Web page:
Breast Cancer Screening: Research and Guidelines

PD Beauty and Health LS012552 In 2009, the United States Preventive Services Task Force (USPSTF) released updated guidelines for breast cancer screening. The updates called for changes in well-known current practices for mammograms and breast exams. These changes caught a great deal of media attention and raised public confusion and concern.

Breast Cancer Screening

Breast cancer screening tests are designed to find cancer in people who do not have symptoms. The hope is that finding cancer earlier will prevent cancer deaths. Research has tried to measure how well screening tests are doing this. Current breast cancer screening options include mammograms, breast exam by a healthcare provider, and breast self-exam. The USPSTF is a panel of experts in medicine that reviews research and develops guidelines for disease prevention and screening. The American Cancer Society (ACS) and American Congress of Obstetricians and Gynecologists (ACOG) also provide guidelines for screening. These organizations create their guidelines based on their interpretation of current research.Below are guidelines from USPSTF, ACS, and ACOG and summaries of current research. These guidelines and evidence summaries are for women with no symptoms or family history of breast cancer.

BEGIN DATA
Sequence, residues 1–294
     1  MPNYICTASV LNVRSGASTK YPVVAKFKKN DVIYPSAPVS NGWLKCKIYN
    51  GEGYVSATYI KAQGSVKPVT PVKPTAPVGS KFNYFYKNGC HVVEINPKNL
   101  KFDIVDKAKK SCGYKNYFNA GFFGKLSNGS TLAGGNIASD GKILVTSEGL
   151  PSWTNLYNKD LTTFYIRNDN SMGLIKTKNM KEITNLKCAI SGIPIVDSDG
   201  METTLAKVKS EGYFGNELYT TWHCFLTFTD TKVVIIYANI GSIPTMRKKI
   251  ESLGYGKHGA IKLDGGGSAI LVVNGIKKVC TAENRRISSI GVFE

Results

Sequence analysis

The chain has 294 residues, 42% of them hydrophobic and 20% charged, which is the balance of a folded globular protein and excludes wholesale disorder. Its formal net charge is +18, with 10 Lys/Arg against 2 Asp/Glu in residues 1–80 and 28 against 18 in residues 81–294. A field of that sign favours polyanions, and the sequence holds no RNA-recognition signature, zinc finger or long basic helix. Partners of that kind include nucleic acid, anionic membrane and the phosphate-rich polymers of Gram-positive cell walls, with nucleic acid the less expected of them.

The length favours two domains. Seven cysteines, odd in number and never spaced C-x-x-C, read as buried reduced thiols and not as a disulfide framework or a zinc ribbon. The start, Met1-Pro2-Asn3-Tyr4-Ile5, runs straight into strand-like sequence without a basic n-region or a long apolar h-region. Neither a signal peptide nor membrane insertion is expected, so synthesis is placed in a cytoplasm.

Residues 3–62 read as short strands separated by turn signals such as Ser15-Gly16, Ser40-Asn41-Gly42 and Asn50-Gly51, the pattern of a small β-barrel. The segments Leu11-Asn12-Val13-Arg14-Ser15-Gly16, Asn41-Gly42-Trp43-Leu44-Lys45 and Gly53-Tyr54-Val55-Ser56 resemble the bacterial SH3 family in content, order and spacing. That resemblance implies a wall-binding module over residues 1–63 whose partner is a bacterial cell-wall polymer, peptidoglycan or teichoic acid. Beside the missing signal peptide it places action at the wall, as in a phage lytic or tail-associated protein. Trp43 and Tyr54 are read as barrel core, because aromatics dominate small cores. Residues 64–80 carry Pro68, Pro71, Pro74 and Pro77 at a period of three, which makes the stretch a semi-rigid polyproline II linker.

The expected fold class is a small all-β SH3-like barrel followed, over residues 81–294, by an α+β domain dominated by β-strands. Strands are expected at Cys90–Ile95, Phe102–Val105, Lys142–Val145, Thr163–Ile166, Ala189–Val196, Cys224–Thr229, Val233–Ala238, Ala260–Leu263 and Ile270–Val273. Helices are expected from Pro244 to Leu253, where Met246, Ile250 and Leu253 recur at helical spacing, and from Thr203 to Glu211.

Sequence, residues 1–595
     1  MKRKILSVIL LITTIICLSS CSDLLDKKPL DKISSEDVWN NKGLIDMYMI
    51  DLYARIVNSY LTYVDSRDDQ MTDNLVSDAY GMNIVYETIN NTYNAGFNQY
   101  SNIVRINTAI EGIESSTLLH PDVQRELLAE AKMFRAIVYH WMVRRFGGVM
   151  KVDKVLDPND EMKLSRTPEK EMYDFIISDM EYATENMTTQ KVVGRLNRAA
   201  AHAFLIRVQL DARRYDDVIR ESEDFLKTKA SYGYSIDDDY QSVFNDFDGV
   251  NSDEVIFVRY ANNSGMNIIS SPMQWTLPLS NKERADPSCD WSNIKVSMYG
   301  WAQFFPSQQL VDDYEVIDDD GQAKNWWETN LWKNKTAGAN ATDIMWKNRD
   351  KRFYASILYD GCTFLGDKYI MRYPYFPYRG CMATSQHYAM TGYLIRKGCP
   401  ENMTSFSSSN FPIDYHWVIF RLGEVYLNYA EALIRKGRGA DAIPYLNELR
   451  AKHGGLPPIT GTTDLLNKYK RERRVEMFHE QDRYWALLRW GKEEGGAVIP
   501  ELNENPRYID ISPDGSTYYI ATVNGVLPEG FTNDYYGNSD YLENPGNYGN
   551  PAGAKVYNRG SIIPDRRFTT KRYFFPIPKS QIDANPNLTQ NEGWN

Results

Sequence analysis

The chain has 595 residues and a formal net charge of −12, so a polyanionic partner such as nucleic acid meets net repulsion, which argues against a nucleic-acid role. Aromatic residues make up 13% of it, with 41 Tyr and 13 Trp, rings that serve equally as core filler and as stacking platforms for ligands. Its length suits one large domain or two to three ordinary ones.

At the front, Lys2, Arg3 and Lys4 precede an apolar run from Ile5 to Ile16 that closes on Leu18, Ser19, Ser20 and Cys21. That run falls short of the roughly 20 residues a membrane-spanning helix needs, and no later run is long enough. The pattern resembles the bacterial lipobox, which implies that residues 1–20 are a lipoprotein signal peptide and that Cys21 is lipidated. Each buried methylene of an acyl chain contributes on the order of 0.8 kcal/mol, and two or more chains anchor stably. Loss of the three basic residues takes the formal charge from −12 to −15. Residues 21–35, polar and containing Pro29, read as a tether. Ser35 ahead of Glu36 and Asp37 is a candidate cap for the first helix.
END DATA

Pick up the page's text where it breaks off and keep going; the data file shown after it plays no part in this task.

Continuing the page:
Age-Based Guidelines for Mammograms in Women 40-49 years 50-74 years 75 years and older
USPSTF Individualized screening*
(no routine screening)
Every two years No specific recommendation
ACS Every year Every year Every year
ACOG Every year Every year Every year
*The USPSTF recommends against telling all women aged 40-49 years they should have mammograms. The decision to start screening every 2 years before the age of 50 years should be an individual one. It should be based on each person’s values regarding specific risks and benefits.
Clinical Breast Exam Breast Self-Exam
USPSTF No recommendations were made Not recommended
ACS Every 3 years for women aged 20-39
Every year starting at age 40
Optional starting at age 20
Women should be informed of potential benefits and harms.
ACOG Every 1-3 years for women aged 20-39
Every year starting at age 40
Consider for high-risk women

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